Mr. Corbett : To ask the Secretary of State for Health whether she will list those concessions and rebates applicable to owners of private residential homes available under the Disabled Persons Act 1978.
Mr. Blunkett : To ask the Secretary of State for Health what consideration she has given to extending the power of the Human Fertilisation and Embryology Agency to cover clinics which offer gender selection for social reasons.
Mr. Sackville : Sperm separation techniques used at clinics offering sex selection, for social reasons are considered to have no scientific basis. There are no plans for legislation to extend the Human Fertilisation and Embryology Authority's powers in this area.
Ms Harman : To ask the Secretary of State for Health if she will provide, for the United Kingdom and each local authority in the United Kingdom, latest estimates of (a) the number of full-time child care places, including nursery school places, for children under five, (b) the number of part-time child care places, including nursery school places, for children under five, (c) the total number of full-time and part-time child care places, including nursery school places, for children under five, (d the number of children under five and (e) the percentage of children under five who have a full-time or part-time child care place.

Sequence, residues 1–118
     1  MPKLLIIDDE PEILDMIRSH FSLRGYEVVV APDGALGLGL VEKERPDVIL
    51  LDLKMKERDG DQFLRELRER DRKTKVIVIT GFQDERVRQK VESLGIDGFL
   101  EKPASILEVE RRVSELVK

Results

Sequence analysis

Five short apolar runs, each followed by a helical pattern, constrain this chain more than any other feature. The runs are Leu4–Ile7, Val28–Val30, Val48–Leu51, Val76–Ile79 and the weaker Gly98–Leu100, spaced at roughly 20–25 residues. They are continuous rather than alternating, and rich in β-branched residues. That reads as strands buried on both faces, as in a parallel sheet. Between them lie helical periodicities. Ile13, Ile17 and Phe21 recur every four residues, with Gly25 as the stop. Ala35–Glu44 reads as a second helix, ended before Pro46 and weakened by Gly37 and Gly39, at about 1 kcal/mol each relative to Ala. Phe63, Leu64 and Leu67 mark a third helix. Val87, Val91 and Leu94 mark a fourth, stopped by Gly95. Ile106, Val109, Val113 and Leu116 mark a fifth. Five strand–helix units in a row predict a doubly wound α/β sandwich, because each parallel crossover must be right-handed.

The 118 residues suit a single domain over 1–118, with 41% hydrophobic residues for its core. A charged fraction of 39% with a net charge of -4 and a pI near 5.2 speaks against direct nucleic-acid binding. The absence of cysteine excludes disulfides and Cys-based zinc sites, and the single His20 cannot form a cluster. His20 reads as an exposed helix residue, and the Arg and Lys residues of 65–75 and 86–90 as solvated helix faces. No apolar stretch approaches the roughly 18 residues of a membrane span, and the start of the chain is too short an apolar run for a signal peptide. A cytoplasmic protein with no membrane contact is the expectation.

Column 891The latest information available centrally about the number of day care places for the under fives is as follows :
-- for England, in "Children's day care facilities at 31 March 1992, England". This includes information about the number of places in relation to the population under five expressed as a rate per 1,000 children for each local authority ;
-- for Scotland, in "Statistical Bulletin Services for Children 1991 and 1992" (but exclude an estimated 6,500 places in day nurseries, children's centres and family centres in the registered sector). -- for Wales, in "Activities of Social Services Departments : Year ended 31/3/92" ; and,